The Planted Row: Create a record before the past is lost

Stan Wise
Farm Forum Editor

I’ll never forget the first time I saw Pinedale, Miss., the tiny community where my grandmother grew up.

The ruins of the school she attended were still standing. I imagined her walking home from the crumbling building with her arms full of books. Maybe she would walk to her house, which wasn’t far, or to her father’s store, which was even closer.

Neither the house or nor the store were standing by the time I came along. A house that already looked old to me and a store that appeared to be failing occupied their places. The next time I visited, the store was closed for good, and the old school house had been demolished.

Not much was left of the place where my grandmother spent nearly a fifth of her life. All that she could point out that was familiar to her was the hill she liked to roll down as a girl and the cemetery where her family members are buried.

It’s a story that probably seems pretty familiar to many people in South Dakota.

This week I watched a documentary on South Dakota Public Broadcasting called “Vanished South Dakota: Towns of Yesterday.” The documentary tells the story of many towns in the state that were once growing communities. Some started as railroad stops. Others started as mining towns. Some even began as good places to stop when moving cattle on trails.

Most of them were places with ambitions to grow even larger. One of them was even a county seat for a short time. These towns sported churches, stores, newspapers, restaurants, schools, law offices, elevators, stockyards.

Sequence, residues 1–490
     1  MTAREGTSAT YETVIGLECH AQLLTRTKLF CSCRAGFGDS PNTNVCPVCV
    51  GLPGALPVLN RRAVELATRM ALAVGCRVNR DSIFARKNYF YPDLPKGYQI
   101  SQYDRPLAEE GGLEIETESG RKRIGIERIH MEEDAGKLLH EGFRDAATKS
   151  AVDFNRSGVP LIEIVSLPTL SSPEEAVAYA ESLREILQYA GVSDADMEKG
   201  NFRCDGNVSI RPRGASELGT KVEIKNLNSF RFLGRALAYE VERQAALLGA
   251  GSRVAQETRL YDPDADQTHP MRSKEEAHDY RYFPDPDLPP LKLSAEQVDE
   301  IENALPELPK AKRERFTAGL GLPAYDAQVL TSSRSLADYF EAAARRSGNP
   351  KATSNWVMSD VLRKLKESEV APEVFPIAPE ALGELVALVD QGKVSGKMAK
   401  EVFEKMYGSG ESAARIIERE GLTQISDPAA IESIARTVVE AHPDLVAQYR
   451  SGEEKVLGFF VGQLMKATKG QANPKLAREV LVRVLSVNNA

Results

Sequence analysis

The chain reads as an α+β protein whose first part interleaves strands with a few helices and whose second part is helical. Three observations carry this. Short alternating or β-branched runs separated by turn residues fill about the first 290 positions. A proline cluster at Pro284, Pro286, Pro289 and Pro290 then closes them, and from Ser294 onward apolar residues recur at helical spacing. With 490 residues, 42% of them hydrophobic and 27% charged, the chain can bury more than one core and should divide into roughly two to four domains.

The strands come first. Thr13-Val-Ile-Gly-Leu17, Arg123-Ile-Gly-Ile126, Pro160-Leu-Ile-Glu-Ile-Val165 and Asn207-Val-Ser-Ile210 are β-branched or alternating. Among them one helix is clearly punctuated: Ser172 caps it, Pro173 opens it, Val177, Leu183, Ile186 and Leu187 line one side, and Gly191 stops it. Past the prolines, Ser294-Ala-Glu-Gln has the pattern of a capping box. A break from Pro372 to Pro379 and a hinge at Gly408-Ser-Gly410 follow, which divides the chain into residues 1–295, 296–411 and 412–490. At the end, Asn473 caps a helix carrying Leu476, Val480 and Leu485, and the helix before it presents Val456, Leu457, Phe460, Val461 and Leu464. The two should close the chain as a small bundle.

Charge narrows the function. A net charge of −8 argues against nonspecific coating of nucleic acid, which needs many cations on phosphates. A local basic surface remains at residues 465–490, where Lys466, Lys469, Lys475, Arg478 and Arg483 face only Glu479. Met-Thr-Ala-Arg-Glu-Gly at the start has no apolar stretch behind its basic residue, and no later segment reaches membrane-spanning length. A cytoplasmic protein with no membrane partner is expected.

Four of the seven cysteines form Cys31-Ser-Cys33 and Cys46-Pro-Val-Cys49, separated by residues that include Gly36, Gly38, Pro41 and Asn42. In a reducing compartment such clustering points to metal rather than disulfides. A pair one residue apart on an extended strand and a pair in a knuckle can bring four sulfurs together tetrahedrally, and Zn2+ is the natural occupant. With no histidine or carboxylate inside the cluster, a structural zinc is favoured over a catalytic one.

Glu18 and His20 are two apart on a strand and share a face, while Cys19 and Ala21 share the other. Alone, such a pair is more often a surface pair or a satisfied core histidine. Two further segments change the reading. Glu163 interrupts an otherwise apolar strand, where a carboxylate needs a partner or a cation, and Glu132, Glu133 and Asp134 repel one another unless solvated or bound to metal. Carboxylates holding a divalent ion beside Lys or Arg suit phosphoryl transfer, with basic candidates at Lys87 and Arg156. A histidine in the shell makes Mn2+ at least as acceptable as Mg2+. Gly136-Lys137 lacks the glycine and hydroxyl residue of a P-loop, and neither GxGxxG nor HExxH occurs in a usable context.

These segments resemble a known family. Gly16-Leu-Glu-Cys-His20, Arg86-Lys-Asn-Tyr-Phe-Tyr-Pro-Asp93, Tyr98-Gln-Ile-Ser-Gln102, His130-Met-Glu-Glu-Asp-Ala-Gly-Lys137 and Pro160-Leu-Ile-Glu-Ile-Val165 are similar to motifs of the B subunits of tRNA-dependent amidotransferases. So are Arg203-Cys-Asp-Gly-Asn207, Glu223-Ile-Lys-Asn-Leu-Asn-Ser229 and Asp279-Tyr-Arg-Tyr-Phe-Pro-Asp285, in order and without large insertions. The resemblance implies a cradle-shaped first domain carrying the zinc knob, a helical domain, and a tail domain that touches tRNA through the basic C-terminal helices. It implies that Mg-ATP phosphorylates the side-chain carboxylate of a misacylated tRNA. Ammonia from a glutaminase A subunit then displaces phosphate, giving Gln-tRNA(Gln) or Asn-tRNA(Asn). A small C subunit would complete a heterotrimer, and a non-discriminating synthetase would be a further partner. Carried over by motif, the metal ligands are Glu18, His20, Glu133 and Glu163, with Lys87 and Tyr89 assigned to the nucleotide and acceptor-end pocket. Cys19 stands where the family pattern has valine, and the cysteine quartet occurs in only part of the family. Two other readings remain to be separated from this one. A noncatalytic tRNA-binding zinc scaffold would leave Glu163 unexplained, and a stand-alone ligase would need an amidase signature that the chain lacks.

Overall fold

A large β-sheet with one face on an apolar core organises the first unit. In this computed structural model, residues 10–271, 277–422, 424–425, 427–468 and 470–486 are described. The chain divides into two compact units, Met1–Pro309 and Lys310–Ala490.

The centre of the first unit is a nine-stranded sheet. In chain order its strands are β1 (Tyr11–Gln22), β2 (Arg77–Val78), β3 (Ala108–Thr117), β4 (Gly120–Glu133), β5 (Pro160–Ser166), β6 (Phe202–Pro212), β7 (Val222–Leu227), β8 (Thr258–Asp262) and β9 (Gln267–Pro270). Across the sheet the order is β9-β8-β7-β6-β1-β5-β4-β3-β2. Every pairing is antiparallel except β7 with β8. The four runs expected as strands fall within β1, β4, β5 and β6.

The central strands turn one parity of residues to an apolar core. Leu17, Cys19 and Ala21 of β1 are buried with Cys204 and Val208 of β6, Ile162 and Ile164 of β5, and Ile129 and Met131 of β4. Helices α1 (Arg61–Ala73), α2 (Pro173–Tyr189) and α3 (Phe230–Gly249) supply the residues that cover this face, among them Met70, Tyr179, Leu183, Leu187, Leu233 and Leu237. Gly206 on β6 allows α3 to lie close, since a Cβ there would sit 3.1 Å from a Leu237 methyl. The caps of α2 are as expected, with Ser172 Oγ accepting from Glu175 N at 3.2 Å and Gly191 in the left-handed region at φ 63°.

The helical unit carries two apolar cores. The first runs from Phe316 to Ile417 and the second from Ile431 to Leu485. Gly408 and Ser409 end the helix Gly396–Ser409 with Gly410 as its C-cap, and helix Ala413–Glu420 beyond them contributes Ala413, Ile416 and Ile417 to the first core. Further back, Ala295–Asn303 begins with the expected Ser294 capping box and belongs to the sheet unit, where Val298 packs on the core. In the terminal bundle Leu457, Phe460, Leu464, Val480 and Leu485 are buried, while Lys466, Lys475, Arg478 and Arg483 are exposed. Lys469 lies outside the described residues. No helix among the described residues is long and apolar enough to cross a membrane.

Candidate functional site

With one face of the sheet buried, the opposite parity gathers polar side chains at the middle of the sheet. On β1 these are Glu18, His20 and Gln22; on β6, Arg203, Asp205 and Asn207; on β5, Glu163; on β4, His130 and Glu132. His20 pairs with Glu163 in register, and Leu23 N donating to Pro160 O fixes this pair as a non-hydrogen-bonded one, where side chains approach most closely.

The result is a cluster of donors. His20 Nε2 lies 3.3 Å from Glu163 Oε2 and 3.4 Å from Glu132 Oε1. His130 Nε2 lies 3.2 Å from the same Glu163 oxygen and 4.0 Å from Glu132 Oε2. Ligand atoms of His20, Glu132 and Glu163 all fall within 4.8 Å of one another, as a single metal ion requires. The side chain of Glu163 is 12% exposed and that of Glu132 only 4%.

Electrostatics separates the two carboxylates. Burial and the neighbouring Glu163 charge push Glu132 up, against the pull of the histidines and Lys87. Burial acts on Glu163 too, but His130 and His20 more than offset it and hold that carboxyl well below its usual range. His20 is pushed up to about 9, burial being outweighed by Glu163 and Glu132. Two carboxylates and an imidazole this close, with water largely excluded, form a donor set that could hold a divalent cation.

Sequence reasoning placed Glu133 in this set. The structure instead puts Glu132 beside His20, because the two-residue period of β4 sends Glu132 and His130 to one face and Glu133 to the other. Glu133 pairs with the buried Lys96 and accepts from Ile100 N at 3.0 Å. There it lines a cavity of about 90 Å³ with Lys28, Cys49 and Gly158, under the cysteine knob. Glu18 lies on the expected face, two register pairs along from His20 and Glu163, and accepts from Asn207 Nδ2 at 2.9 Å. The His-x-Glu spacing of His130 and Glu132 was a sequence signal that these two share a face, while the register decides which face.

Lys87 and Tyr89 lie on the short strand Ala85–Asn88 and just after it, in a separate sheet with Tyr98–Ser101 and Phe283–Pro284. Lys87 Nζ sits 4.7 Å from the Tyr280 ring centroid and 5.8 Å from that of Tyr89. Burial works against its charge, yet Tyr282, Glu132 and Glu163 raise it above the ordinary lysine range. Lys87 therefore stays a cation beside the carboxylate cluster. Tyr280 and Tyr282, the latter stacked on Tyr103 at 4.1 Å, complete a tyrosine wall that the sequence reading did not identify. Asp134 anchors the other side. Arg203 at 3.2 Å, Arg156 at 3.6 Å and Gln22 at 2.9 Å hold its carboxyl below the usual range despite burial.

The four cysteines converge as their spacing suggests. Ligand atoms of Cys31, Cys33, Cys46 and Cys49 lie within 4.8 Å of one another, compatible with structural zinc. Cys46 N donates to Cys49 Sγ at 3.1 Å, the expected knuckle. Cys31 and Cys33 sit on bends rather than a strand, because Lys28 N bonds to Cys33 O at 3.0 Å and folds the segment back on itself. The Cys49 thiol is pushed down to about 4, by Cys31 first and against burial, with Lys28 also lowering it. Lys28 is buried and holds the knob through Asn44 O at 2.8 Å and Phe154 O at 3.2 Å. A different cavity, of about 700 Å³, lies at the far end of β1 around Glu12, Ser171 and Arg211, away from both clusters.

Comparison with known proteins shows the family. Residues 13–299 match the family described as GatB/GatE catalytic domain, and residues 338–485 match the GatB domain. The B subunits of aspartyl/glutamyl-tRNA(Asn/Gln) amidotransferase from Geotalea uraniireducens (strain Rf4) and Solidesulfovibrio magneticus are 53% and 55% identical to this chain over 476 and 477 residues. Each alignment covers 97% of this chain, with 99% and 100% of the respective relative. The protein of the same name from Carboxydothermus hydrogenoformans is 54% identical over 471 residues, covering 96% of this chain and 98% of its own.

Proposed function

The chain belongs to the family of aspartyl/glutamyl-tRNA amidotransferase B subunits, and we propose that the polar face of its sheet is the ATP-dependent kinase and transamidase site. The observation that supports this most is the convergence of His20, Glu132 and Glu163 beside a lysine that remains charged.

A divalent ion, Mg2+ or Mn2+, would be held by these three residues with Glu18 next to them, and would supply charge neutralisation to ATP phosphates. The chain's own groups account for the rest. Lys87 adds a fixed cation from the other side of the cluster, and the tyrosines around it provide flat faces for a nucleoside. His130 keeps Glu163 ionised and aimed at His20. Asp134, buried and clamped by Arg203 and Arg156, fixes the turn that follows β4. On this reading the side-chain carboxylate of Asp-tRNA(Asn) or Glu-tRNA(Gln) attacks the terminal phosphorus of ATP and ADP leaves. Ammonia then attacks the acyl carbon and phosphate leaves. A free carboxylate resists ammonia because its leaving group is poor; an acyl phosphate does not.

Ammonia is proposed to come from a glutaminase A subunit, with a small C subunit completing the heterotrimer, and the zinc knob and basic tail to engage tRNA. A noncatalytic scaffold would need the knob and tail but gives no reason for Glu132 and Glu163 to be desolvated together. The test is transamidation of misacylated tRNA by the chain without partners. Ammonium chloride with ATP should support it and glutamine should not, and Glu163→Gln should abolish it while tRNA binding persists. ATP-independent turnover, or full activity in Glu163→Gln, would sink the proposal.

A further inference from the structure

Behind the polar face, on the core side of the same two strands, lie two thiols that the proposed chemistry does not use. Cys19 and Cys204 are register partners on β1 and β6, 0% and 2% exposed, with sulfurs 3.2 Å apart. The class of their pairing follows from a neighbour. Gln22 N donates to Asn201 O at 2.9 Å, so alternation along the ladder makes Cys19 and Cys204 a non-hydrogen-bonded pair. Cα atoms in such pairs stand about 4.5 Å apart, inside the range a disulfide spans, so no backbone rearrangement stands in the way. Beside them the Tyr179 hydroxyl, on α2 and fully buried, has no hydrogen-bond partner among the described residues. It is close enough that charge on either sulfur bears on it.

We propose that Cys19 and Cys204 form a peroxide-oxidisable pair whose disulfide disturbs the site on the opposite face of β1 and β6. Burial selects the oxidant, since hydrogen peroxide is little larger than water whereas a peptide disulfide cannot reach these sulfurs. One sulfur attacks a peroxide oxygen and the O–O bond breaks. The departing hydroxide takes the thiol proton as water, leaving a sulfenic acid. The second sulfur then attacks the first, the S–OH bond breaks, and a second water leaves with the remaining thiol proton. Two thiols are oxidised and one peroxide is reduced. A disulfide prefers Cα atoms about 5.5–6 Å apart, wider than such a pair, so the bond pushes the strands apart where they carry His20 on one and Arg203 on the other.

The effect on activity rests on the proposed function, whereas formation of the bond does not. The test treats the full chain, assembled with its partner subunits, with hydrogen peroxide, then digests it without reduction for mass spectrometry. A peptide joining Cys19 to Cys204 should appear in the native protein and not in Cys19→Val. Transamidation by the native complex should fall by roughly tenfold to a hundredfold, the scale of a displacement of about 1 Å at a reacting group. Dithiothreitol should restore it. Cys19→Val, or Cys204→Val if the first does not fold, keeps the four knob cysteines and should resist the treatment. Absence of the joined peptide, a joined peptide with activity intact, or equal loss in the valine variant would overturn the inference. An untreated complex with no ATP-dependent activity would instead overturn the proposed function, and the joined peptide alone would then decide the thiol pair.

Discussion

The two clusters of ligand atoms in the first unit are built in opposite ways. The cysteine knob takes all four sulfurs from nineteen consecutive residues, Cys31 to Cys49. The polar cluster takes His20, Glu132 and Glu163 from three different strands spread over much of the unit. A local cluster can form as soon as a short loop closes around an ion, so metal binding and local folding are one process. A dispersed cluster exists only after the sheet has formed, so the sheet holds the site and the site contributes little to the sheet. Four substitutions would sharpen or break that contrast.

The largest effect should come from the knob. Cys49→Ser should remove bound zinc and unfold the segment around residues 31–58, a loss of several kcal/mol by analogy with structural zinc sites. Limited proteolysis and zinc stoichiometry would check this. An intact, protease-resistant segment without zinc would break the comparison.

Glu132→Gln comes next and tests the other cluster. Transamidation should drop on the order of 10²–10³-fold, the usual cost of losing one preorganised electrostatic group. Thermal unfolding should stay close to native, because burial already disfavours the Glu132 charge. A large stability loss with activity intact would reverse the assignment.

Life happened there. Lives were spent there. Families grew there. Fortunes were made and lost there.

But fate was not kind to these towns.

In every case, something changed. A railroad discontinued service. A mine dried up. Trucks started moving most of the cattle in the country.

When that happened, the mining towns quickly died. The railroad and cattle towns faded more slowly, supported somewhat by the surrounding farms and ranches. However, as those farms and ranches have grown larger while supporting fewer people, many smaller towns and communities have died out.

As one commentator in the documentary said, “That process has happened much faster in the last 20 to 30 years than over the previous four decades.”

That means now is the time to start creating a record of your community. What happened to those towns that have already vanished will happen to others. Decades from now there will be people like me who have grown old enough to start getting interested in their family history, and there won’t be any information for them if we don’t start recording it now.

The good news is that modern technology makes all of this easier, and not all of the work has to be done by adults. Most kids these days have a miniature recording studio in their pockets. A good 4-H or scouts project might be for interested kids to record interviews with people who carry a lot of a town’s history in their memories and preserve the recordings for future generations. Or they can create displays with photos and donated items.

The places where our ancestors lived and worked are important places to us, whether we realize it or not. Everything that happened there and then led to where we are now. So our ancestor’s lives are a part of our lives.

It would be nice if future generations could have more than a hill and a few old gravestones to connect them with their past.